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On May 5, 2016, the White House issued a report titled, “Non-Compete Agreements: Analysis of the Usage, Potential Issues, and State Responses.” In its 16-page analysis, the White House criticizes the prevalence of non-compete agreements and the problems they cause, ultimately advocating for their reform. The U.S. Treasury published a similar report in March of this year.
Covenants not to compete, commonly called “non-competes,” are contracts that restrict an employee’s ability to work for a competing employer or in a similar field following an employee’s subsequent departure. Employers use non-compete agreements to guard against proprietary company information and trade secrets falling into the hands of a competitor.
The White House report briefly acknowledges the benefits non-compete agreements provide such as encouraging innovation, protecting company trade secrets, and increasing employer investment in worker training. However, the report ultimately concludes that the harm caused by non-competes outweighs any benefit they may provide. The report’s comment that “non-competes can play a beneficial role when used in a limited way” foretells the likelihood of impending restrictions in this area.
The report focuses on seven potential issues with non-compete agreements. As employers evaluate their own non-compete agreement practices, they should keep in mind these seven areas of concern in anticipating future reform regarding the use of restrictive covenants.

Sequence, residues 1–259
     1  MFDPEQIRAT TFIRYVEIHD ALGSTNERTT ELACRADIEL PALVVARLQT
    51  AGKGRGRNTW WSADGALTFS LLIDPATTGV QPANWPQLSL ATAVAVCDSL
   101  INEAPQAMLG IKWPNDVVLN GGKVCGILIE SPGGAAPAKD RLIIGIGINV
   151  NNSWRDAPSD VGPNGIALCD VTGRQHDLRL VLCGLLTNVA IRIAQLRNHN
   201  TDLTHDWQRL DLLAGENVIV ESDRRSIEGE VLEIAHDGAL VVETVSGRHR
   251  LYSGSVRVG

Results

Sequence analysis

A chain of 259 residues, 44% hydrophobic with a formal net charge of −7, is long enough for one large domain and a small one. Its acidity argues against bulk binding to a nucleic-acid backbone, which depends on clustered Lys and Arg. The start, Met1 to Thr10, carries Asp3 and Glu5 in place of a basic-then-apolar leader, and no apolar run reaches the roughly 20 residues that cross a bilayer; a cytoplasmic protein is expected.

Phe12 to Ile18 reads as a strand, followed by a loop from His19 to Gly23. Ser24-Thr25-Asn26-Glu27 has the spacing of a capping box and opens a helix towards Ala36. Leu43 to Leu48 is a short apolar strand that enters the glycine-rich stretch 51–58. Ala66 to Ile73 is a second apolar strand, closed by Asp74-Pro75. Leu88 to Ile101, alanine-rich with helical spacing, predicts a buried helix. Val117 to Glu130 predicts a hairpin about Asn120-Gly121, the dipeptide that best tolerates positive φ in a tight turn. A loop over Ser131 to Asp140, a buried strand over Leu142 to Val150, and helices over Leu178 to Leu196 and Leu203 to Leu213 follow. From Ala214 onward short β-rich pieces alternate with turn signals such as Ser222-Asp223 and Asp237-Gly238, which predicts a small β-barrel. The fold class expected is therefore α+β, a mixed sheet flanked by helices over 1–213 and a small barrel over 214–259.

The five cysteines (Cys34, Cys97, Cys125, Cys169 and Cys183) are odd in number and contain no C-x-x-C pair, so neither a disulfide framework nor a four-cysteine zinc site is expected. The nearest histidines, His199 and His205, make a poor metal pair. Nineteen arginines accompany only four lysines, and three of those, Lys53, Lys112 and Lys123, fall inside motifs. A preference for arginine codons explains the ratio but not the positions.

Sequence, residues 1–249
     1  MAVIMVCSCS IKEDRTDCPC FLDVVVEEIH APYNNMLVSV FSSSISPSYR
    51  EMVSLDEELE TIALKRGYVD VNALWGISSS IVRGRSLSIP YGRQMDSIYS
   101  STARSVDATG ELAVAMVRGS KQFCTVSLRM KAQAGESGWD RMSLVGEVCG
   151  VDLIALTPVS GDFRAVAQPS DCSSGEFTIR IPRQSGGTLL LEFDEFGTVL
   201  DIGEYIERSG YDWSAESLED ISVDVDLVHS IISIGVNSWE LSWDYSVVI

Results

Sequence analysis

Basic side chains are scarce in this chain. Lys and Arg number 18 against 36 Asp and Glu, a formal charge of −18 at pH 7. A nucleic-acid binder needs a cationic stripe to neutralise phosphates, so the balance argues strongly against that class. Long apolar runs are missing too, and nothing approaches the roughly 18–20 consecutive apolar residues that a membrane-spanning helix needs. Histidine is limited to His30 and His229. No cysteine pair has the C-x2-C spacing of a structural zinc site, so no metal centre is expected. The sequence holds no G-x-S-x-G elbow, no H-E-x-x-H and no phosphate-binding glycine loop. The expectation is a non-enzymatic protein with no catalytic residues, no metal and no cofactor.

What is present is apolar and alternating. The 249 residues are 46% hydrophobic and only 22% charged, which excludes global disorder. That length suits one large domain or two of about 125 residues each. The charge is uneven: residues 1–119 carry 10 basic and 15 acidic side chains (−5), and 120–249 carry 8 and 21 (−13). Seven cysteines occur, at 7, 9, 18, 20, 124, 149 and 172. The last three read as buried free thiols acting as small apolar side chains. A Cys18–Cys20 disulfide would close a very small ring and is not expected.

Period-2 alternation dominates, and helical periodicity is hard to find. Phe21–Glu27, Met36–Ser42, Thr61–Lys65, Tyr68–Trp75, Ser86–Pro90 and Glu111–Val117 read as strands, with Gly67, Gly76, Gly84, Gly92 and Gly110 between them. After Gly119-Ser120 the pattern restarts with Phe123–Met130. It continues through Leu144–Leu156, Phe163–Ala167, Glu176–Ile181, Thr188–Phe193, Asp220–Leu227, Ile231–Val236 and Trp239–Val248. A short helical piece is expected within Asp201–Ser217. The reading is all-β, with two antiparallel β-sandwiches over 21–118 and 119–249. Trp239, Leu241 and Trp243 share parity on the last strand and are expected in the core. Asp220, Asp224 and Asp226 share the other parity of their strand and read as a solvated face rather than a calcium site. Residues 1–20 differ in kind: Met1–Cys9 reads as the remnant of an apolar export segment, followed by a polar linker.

While the report simply provides suggestions regarding non-compete agreements, employers can expect to see further reform in the realm of non-compete agreements at both the state and federal level. Ultimately, the White House report notes that the administration will continue to examine these agreements, their impact on society, and the ways in which they can be reformed. It is likely there will be further investigation by state and federal law and policymakers into the nature and scope of non-competes, which could noticeably impact employer policies and hiring procedures.
If you have questions about the impact of this report or any other matter relating to employment practices, please contact Connie Carrigan at firstname.lastname@example.org.
Connie Elder Carrigan is a partner in the firm, with a practice concentration in Business Law. Her focus is assisting clients with issues regarding employment law, business advice and litigation, construction law, equipment leasing and creditor bankruptcy. Connie has lectured on topics ranging from employment law, bankruptcy, and equipment leasing to construction law....LEARN MORE